Research ensures you know what you’re talking about. For example I have seen plenty of writers write about bitcoin. I read one story today that said “don’t buy bitcoin and get ethereum instead because then you don’t need to buy an entire coin for $50,000.” This is poor research. You don’t need to buy an entire bitcoin to own bitcoin. A quick google search would have revealed this truth.

What this lack of research does is destroy a writer’s credibility. Once your credibility is shot no amount of viral hacks, clickbait headlines, or volume of online courses can save you. All you can do is go to the births and deaths office and ask them to change your birth name to another one. I wouldn’t want you to do that to your mommy and daddy.

Protect your credibility with research.

Writing online is Level 1.
Doing deep research before writing is Level 100.

Finding topics to research

Doing research can be a brain drain. Having the motivation to do it is tough. I have a hack you can use.

Pick topics to research that you’re curious about.

I recently did research on Substack. I’m curious about the platform so getting over the resistance to go deep and research the topic was easy. I tried to do the same research on Prince Harry. After 30 minutes I found myself tired and exhausted. Why? I don’t give a shit about royal life deep down.

Curiosity is an excellent compass for what to research.

The ability to teach offline

Non-fiction writing is teaching.

Many writers forget this. “Teacher” is a fancy word. Yet we do it every day in our businesses and day jobs. When a new employee starts you are likely to show them a thing or two. When a person asks you a question in an email, you may give them an answer. All of this is teaching.

You don’t need a degree to teach anymore.

I think of it this way: Books and blog posts are entry-level teaching. Online courses on a topic are in-depth teaching. You can start with entry-level, develop some skill, and then level up to teach a course. A course is just a fancy word for more content.

The foundational skill you need as a writer is to teach, and dare to charge a little money for it. Don’t be ashamed to monetize. You can help people through teaching which feels better than the money.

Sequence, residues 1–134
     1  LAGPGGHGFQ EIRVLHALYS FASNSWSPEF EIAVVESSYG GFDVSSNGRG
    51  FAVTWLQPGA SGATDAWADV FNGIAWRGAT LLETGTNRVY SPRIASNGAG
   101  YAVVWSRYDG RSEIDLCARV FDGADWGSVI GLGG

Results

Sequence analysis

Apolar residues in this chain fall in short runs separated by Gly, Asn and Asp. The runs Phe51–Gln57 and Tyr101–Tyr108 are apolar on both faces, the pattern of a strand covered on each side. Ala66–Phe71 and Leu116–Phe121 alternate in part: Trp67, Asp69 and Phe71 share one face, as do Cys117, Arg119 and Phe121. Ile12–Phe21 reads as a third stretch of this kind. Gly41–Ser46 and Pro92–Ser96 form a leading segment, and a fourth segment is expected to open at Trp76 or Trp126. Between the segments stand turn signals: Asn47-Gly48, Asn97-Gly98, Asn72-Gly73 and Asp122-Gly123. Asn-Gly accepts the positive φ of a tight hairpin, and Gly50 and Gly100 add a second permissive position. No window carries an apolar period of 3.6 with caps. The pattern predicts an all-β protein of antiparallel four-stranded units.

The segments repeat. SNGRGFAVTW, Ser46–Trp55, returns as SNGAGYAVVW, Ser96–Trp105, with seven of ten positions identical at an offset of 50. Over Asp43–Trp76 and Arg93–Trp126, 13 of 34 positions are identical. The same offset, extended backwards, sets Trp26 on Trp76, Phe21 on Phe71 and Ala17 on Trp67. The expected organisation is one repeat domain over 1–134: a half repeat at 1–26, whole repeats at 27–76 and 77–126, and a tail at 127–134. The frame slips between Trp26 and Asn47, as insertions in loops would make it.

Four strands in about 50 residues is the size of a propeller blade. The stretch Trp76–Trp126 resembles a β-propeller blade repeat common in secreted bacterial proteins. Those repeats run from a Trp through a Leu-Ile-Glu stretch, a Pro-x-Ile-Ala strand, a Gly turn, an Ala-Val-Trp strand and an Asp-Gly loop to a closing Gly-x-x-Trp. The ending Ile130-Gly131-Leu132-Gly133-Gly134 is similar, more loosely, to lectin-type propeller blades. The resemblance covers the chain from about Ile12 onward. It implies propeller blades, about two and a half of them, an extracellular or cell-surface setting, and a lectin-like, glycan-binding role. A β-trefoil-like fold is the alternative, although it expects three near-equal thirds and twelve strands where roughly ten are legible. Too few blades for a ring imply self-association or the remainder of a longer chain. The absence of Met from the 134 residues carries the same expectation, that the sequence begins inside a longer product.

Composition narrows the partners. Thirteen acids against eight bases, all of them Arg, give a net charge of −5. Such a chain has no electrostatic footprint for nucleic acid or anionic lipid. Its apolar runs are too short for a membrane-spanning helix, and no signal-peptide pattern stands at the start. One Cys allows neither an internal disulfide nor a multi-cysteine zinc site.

The ability to promote other writers

This one might seem odd.

Promoting other writers shows humility, generosity and self-awareness. These are the traits of writers who make a lot of money later on. Nobody wants to read the work of an a-hole because it’s a huge turnoff. Promoting other writers reminds you that you’re not the best writer. We all need that reminder every now and then so we don’t get lost in a world of selfishness and “my views are down” … whinge, whinge, whinge.

Strange paradox: When you promote other writers they may promote you too. Even if they don’t, perhaps, they will at least notice your writing.

Opportunities to make money from writing come from strange places. Other writers are one of the best sources. When other writers help you they reinforce their own work as a writer. Community is everything. Be good to other writers and you’ll do well financially.

A modest writing income has one huge downside

A fellow writer publicly accused me of stealing their business model recently. I admired their business and it hurt when I read what they said about me. I was angry for about 15 minutes.

This is what happens when you make money as a writer. You can accidentally upset others who seek to do the same, or who are already doing the same. What do you do about it when it happens to you?

  1. Don’t make enemies.
  2. Forgive them and realize people vent their grievances.
  3. Offer second chances.
  4. Turn a negative into a positive. Misunderstandings turn into some of the best secret opportunities you would never find without them.

Being prepared to be challenged is part of being a paid writer. Thick skin is built by taking what you read, lightly. If you make any amount of money as a writer — especially 6-figures — you are bound to piss a few people off. Let it go. Keep writing. You’re doing the best you can.

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Aussie Blogger with 100M+ views — Writer for CNBC & Business Insider. Inspiring the world through Personal Development and Entrepreneurship www.timdenning.com